[PATCH] locks: rename file-private locks to file-description locks

Michael Kerrisk (man-pages) mtk.manpages at gmail.com
Mon Apr 21 22:54:36 MDT 2014

On 04/21/2014 11:15 PM, Stefan (metze) Metzmacher wrote:
> Am 21.04.2014 21:55, schrieb Jeff Layton:
>> On Mon, 21 Apr 2014 21:39:12 +0200
>> "Michael Kerrisk (man-pages)" <mtk.manpages at gmail.com> wrote:
>>> On 04/21/2014 08:46 PM, Rich Felker wrote:
>>>> On Mon, Apr 21, 2014 at 08:32:44PM +0200, Michael Kerrisk (man-pages) wrote:
>>>>> On 04/21/2014 06:10 PM, Rich Felker wrote:
>>>>>> I'm well aware of that. The problem is that the proposed API is using
>>>>>> the two-letter abbreviation FD, which ALWAYS means file descriptor and
>>>>>> NEVER means file description (in existing usage) to mean file
>>>>>> description. That's what's wrong.
>>>>> So, can you *please* answer this question: what do you call (i.e., 
>>>>> what  everyday technical language term do use for) the thing
>>>>> that sits between a file descriptor and an i-node? 
>>>>> (Please don't say 'struct file' -- that is not is an implementation 
>>>>> detail, and does not qualify as the kind of term that I could use 
>>>>> when documenting this feature in man pages.)
>>>> "Open file description".
>>> Oh! I didn't realize we agreed :-).
>>>>> POSIX uses (or invented, I am not sure which) the term file description
>>>>> for a good reason: it is unambiguous, and therefore precise. I do agree
>>>>> that there's a risk of confusion between 'open file descriptor" and 
>>>>> 'and file description'--it's the same kind of risk as between English 
>>>>> terms such as 'arbitrator' and 'arbitration' (and any number of other
>>>>> examples), and as language speakers we deal with this every day.
>>>> There's not a problem when the full word is used. On the other hand,
>>>> if you use "arb" as an abbreviation for "arbitration" in a context
>>>> where it was already universally understood as meaning "arbitrator",
>>>> that would be a big problem.
>>>> Likewise the problem here isn't that "open file description" is a bad
>>>> term. It's that using "FD" to mean "[open] file description" is
>>>> utterly confusing, even moreso than just making up a new completely
>>>> random word.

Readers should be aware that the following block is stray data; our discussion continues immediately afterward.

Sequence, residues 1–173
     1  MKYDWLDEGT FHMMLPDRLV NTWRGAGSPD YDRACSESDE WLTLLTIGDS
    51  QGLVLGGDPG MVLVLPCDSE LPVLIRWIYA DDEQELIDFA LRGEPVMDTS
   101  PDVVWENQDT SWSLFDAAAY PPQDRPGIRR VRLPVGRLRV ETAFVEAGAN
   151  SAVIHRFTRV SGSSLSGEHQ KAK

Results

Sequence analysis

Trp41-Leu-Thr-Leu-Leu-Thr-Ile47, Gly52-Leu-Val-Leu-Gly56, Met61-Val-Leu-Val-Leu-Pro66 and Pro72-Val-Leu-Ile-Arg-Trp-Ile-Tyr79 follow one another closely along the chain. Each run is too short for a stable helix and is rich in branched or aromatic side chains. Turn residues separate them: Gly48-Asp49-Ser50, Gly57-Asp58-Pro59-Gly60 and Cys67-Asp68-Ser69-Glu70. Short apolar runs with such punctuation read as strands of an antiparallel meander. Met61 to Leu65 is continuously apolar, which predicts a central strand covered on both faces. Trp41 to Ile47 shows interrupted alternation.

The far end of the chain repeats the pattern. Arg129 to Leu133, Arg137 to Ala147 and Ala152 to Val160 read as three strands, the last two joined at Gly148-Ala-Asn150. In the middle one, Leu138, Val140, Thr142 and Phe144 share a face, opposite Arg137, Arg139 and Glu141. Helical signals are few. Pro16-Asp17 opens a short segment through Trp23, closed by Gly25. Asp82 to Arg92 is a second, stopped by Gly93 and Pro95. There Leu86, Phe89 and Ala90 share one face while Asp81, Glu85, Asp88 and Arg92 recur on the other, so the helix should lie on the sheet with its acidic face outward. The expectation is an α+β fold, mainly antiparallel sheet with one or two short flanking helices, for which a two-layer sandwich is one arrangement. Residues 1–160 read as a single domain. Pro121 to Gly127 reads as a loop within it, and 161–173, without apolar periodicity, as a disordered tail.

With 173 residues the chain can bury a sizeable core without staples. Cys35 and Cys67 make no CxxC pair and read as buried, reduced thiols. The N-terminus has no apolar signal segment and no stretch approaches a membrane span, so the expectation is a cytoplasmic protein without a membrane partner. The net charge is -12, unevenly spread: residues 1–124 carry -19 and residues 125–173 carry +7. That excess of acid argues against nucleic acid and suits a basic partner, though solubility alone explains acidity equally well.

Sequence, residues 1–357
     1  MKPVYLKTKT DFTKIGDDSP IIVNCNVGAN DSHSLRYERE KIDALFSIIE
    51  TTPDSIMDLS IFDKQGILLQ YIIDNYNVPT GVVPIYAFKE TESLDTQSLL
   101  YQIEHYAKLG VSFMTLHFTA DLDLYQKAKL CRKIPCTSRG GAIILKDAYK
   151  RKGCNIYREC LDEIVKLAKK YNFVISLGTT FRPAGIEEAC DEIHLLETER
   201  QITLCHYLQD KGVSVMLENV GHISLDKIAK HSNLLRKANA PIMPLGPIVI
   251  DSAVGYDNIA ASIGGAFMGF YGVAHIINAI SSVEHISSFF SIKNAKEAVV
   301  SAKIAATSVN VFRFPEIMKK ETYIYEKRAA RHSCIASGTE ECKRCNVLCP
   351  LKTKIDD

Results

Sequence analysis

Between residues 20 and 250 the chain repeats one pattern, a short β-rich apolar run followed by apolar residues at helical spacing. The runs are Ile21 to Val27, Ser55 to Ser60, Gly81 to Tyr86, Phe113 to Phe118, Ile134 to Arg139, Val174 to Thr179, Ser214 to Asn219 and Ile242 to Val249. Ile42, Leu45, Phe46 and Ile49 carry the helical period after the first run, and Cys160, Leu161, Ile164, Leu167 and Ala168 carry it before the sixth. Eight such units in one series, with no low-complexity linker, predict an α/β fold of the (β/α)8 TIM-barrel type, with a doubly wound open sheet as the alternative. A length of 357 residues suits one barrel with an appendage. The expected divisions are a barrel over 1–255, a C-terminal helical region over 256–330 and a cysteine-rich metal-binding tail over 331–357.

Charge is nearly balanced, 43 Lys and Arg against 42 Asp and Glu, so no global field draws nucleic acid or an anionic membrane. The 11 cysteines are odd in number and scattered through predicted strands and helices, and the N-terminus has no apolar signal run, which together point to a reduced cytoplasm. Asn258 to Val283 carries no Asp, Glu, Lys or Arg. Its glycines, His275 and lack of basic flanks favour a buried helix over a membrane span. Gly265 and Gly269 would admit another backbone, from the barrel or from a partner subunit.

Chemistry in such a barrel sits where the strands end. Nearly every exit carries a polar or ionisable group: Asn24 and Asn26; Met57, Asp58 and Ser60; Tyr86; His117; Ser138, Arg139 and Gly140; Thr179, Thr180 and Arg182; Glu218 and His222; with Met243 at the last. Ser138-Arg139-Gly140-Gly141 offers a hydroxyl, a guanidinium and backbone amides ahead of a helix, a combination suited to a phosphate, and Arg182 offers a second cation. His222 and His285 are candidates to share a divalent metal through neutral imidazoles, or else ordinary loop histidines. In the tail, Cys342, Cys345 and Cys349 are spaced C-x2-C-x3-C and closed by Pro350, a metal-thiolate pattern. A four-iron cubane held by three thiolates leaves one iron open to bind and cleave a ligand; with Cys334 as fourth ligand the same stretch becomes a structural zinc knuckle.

>>> Ohh -- I had thought you a problem not just with "FD" but also
>>> "(open) file description".
>>>>>>> 2) The new API constants (F_SETLKP, F_SETLKPW, F_GETLKP) have names
>>>>>>>    that are visually very close to the traditional POSIX lock names 
>>>>>>>    (F_SETLK, F_SETLKW, F_GETLK). That's an accident waiting to happen
>>>>>>>    when someone mistypes in code and/or misses such a misttyping
>>>>>>>    when reading code. That really must be fixed.
>>>>>> I agree, but I don't think making it worse is a solution.
>>>>> I don't agree that it's making it worse. The real problem here is 
>>>>> that people use no good unambiguous term for the thing between a file
>>>>> descriptor and an inode. POSIX provides us with a solution that may
>>>>> not seem perfect, but it is unambiguous, and I think it might feel
>>>>> more comfortable if we used it often enough.
>>>> I would like to see it used more too, and in particular, I think it
>>>> belongs in the documentation for these new locking interfaces. But
>>>> that still doesn't answer the question of what to call them (the
>>>> macros) unless you want:
>>> Or just 'F_OFD_*'?
>>>> Perhaps "OP" (for open-private, i.e. private to the particular open)
>>>> would be a sensible choice; OTOH people are likely to misread it as
>>>> OPeration. The general principle I have in mind though is that it
>>>> might be nice to highlight the word "open" in "open file description"
>>> (Fair enough.)
>>>> since it (1) contrasts with file descriptor, despite file descriptors
>>>> also dealing with open files, and (2) contrasts well with legacy fcntl
>>>> locks, which are (this is the whole bug) associated with the
>>>> underlying file and not the open file description.
>>> Makes sense to me. (We are in more agreement that I realized.)
>>> Cheers,
>>> Michael
>> So the motion is to call them "open file description locks" and change
>> the macros to read *_OFD_*. Does anyone object?
> Works fine for me...

And works for me.

Michael Kerrisk
Linux man-pages maintainer; http://www.kernel.org/doc/man-pages/
Linux/UNIX System Programming Training: http://man7.org/training/

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